Along with this hit, his other "signature song" was "I've Been Everywhere," in which he portrayed himself as a hitchhiker bragging about all the towns he'd been through. This song was originally written and performed in Australia by Geoff Mack, and its re-write incorporating North American place names was brilliantly accomplished. Rattling off a well-rhymed series of city names at an auctioneer's pace has long made the song a challenge for any country-music singer to attempt. Johnny Cash's version of it was used in recent years as the soundtrack to an American motel chain's television commercials.
A regular at the Grand Ole Opry, in 1954 Hank Snow persuaded the directors to allow a new singer by the name of Elvis Presley to appear on stage. Snow used Elvis as his opening act, before introducing him to Colonel Tom Parker. In August of 1955, Snow and Parker formed the management team Hank Snow Attractions. This partnership signed a management contract with Presley but before long, Snow was out and Parker had full control over the rock singer's career.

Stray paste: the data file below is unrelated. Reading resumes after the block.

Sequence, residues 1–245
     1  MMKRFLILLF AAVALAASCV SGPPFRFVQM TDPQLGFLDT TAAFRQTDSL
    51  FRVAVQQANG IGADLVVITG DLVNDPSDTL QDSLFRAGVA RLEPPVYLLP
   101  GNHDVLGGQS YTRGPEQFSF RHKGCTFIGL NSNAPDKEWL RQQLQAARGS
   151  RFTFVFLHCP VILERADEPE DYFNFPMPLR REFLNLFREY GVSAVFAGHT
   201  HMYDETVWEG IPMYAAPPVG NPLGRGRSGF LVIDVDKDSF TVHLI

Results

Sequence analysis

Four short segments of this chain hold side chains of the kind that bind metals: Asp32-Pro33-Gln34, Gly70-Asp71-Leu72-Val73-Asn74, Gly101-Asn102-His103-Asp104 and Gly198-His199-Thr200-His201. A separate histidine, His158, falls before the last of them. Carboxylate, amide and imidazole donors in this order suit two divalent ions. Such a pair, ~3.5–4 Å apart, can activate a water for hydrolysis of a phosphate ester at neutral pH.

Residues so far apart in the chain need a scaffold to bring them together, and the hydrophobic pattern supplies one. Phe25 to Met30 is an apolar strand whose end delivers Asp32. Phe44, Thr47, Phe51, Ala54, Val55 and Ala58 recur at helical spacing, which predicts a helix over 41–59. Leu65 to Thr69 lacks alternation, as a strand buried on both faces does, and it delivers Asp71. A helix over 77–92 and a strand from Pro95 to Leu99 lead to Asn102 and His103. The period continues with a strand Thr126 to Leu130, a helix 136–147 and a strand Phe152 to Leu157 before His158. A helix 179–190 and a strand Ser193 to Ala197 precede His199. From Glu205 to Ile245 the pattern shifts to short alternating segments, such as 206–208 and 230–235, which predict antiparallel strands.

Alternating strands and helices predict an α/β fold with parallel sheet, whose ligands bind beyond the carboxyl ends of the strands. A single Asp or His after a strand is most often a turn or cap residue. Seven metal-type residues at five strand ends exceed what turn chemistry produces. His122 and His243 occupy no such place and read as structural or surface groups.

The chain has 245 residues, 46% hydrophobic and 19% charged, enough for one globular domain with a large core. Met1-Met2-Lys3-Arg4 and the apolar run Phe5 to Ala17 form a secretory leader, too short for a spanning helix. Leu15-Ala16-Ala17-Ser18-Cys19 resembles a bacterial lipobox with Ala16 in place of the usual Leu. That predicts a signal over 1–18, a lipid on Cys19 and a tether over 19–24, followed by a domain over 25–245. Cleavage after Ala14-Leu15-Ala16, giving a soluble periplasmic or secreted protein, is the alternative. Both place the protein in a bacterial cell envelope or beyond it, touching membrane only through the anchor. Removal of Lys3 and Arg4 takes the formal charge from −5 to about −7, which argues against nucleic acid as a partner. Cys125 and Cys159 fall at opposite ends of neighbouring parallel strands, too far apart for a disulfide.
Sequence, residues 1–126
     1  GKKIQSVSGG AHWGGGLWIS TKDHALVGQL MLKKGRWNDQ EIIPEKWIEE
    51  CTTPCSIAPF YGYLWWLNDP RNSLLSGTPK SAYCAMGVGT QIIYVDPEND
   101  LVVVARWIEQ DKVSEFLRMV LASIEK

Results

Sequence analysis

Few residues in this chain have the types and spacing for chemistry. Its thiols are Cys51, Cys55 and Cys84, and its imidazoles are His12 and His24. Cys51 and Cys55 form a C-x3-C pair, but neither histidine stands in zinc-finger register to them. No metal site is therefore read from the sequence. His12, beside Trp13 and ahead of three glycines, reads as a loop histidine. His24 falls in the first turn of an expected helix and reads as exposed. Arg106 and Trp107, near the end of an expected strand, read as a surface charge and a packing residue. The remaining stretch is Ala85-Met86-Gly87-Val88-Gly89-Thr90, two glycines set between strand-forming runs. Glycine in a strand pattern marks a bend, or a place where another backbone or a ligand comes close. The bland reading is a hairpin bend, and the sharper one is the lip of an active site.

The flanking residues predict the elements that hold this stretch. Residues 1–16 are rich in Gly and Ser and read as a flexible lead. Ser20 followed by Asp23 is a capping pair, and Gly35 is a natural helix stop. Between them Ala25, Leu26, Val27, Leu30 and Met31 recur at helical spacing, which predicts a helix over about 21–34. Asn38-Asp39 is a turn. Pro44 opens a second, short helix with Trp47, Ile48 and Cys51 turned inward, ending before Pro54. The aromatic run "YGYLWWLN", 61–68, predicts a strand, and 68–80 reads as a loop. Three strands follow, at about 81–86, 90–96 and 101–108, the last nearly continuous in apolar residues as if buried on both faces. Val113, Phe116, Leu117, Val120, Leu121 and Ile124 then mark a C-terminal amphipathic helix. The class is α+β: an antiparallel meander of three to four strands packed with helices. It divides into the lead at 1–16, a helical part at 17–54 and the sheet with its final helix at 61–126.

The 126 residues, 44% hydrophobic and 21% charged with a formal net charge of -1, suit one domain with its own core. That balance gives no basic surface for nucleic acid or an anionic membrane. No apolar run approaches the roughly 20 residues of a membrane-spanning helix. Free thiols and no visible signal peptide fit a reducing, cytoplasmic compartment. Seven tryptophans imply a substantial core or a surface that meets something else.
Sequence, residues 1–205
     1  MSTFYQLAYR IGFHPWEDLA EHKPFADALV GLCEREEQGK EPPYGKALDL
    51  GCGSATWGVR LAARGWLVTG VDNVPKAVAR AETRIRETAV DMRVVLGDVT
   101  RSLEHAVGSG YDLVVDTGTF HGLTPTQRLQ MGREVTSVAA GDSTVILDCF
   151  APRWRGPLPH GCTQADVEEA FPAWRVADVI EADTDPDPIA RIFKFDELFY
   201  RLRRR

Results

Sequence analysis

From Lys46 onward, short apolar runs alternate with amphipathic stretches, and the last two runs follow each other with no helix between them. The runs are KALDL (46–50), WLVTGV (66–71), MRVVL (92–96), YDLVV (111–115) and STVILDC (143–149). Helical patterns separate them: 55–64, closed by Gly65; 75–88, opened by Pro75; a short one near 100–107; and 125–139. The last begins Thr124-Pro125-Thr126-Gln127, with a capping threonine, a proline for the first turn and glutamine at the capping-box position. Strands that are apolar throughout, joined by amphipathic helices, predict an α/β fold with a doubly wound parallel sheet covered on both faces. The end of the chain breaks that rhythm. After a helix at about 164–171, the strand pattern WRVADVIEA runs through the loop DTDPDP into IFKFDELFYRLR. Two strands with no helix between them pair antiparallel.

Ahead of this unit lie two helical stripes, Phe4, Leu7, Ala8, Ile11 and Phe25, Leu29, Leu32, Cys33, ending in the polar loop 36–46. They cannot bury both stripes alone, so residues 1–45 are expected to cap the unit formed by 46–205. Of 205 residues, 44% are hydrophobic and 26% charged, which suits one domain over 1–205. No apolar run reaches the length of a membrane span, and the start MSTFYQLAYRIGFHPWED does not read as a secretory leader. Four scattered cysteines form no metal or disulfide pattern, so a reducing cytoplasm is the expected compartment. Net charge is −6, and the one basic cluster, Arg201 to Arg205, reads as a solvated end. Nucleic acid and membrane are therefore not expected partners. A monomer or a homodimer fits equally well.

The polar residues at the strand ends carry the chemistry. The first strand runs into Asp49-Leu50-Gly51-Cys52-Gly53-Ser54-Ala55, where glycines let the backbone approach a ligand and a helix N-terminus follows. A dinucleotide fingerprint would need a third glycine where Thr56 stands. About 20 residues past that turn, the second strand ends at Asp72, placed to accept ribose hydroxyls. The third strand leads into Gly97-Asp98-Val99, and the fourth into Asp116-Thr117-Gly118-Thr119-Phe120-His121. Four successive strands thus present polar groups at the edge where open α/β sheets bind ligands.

In 1958, Snow became a naturalized citizen of the United States.
Performing in lavish and colourful sequin-studded suits, Snow had a career covering six decades during which he sold more than 80 million albums. Although he became a proud American citizen, he still maintained his friendships in Canada and remembered his roots with the 1968 Album, "My Nova Scotia Home". That same year he performed at campaign stops on behalf of segregationist presidential candidate George Wallace.